An apparently simple question that drives to the very heart of the practices of institutional schooling. Is/should learning be a collaborative, or a competitive activity? Or is it both…and how should that work?
I phoned The Chairman of the Cambridge University Examinations Board for his advice. “It’s an interesting question because as a University we have made a good living over the past five centuries by, in effect, examining students’ first drafts. Now you are suggesting that this new technology, by replacing pen and ink with a device that seems to some of us to ‘artificially’ enhance a student’s performance in ways which often seems like cheating. This poses very serious questions for the entire examinations ‘industry’”, He paused before eventually saying,. “I think we will have to wait for the Government to instruct us”. Ugh !
In the third of a century that has followed , Anglo-American systems of education have exhausted themselves trying to unravel the Conundrum that while the skill of the future will undoubtedly be the ability to learn, and go on learning throughout a life-time, no one can learn how to learn without having something to learn.
And here is the crunch…it is far easier to measure what has been learnt than it is to assess how effective are the learners skills when they have to be applied outside the domain in which they were originally developed, in other words proof that you have learnt something under certain circumstances is no true indicator that you will be able to perform as well somewhere else on a different kind of problem.
Mark Twain understood that perfectly when he remarked, “Education is what remains when you have forgotten everything you ever learnt in school.”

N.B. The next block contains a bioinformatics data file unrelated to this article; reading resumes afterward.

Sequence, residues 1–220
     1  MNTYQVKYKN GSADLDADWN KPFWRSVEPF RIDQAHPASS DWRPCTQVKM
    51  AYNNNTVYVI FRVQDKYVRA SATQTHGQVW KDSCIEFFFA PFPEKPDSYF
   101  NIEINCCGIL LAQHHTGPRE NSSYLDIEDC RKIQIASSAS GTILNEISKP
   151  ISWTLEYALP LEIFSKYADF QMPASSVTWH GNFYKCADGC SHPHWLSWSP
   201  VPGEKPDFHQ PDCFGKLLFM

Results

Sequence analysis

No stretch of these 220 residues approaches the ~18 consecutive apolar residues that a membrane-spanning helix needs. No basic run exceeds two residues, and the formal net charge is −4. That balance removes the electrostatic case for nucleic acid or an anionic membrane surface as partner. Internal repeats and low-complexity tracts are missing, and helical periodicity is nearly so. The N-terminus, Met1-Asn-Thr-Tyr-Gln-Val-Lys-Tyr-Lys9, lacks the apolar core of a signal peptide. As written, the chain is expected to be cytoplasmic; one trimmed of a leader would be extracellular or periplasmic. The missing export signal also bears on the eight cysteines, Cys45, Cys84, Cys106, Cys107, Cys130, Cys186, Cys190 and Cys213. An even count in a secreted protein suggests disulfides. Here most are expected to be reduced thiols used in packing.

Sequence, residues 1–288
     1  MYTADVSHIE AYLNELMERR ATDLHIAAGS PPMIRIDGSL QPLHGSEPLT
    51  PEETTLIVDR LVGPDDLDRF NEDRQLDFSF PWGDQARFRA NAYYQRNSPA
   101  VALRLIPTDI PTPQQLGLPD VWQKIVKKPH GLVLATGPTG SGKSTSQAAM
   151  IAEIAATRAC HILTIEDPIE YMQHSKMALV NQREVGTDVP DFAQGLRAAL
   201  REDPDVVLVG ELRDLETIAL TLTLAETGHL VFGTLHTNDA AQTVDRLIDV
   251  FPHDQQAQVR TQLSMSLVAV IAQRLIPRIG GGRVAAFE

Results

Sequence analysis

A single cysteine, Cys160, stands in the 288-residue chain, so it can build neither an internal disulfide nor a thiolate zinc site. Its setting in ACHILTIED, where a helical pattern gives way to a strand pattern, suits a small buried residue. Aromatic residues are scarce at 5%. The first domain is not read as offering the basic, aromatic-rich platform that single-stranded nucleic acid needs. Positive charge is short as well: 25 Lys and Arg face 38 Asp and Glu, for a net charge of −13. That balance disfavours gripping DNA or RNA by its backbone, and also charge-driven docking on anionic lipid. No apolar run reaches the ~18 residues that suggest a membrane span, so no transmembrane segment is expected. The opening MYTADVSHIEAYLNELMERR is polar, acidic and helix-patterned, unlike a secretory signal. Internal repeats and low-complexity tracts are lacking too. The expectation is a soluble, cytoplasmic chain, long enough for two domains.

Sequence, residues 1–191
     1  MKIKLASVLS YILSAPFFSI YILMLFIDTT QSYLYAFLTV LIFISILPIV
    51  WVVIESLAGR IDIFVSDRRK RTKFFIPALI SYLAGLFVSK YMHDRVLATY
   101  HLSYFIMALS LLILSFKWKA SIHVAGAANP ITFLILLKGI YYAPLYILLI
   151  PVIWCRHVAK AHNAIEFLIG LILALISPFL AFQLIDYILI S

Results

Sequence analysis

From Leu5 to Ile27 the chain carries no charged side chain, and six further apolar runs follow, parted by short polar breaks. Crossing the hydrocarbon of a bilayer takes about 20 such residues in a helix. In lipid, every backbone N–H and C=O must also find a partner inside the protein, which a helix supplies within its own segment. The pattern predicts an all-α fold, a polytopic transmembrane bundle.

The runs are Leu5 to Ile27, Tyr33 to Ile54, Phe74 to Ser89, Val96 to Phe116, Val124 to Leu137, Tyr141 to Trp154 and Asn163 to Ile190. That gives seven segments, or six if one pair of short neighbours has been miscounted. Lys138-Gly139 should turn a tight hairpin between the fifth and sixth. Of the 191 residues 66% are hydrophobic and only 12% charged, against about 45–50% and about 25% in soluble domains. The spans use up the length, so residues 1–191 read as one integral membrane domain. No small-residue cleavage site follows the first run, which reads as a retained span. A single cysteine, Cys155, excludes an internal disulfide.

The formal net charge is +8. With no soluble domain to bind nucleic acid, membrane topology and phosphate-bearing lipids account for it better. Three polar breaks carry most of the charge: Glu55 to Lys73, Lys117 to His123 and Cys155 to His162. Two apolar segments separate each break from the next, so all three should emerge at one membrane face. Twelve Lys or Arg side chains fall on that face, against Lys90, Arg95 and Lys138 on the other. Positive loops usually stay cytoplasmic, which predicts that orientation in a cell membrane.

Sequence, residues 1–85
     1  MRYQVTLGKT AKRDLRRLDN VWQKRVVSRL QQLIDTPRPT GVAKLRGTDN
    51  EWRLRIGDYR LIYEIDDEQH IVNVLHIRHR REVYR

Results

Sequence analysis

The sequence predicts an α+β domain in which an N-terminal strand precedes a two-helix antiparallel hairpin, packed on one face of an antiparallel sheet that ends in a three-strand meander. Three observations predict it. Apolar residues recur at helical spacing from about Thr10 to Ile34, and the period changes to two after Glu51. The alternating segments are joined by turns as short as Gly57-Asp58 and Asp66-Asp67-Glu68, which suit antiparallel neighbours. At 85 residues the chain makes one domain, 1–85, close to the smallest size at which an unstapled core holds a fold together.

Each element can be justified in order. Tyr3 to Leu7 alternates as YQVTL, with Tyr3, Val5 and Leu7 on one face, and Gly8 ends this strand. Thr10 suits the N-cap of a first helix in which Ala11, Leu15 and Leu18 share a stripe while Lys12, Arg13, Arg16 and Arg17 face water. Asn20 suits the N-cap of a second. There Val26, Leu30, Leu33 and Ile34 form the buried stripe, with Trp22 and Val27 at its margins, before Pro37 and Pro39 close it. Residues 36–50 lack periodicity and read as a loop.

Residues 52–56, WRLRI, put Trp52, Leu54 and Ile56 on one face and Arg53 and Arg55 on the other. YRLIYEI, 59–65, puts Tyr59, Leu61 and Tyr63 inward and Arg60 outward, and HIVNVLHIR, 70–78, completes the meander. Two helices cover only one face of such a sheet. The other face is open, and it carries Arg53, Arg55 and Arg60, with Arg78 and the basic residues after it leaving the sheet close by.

It may seem irrelevant to tell you that nearly 13 years ago, my family returned from living in Virginia, to the city of Bath in the SW of England. Delightful as is Bath to live in, property is very expensive and the only property we could afford was a 1791 Georgian town house on six floors, with 7,500 sq. Feet of space, but in need of much restoration . Being an historic gem I stated to enquire into the history of the area which coincided with seeing the film of Patrick O’Brien’s “Master and Commander”. That somewhat swash- buckling film was about life in the Navy during the Napoleonic Wars, at the very time our house, and the rest of the Crescent, was being built.
And here, coincidentally, I came into a set of insights that has forever deepened the significance of my research into the nature of adolescence. Our house is No. 3 Grosvenor Place. Retiring into No 18 Grosvenor Place in 1827, after a most distinguished career in the British Navy, was Rear Admiral Sir Peter Puget. And of course you will have already guessed – this was the Puget after whom the Sound out there is named. That is his house just there in the photograph, the original door and door handle are still in daily use. The story starts to get close up, and possibly personal.
Puget’s life could be highly instructional as you think about Human Capital Development. Peter was the sixth of seven sons born in 1768 to an impoverished Huguenot refugee. Puget’s father had fled persecution in France and lost all his money in the process. Declared bankrupt when his son Peter was only ten years old this youngster – a squeaker, in the language of the time- who in his early years had received a good education was forced to join the Navy at the most menial of levels, namely that of ‘ship’s boy.
Bright and determined he rose quickly, was appointed lieutenant in 1790 at the age of22 (the age of many a student teacher today), and was selected by Captain Vancouver as his first Lieutenant. As such the young Puget was responsible for sailing HMS Discovery with a crew of over 200, from London, down the Atlantic, around Tierra Del Fuego, and up to the Pacific North West. He did this, at an age when many of today’s young Canadians are sitting in class pondering how to outwit the examiners, but having none of the intellectual and emotional intelligence of those hard-bitten old sea-dogs.
The relevance of all this to you, and Human Capital Development?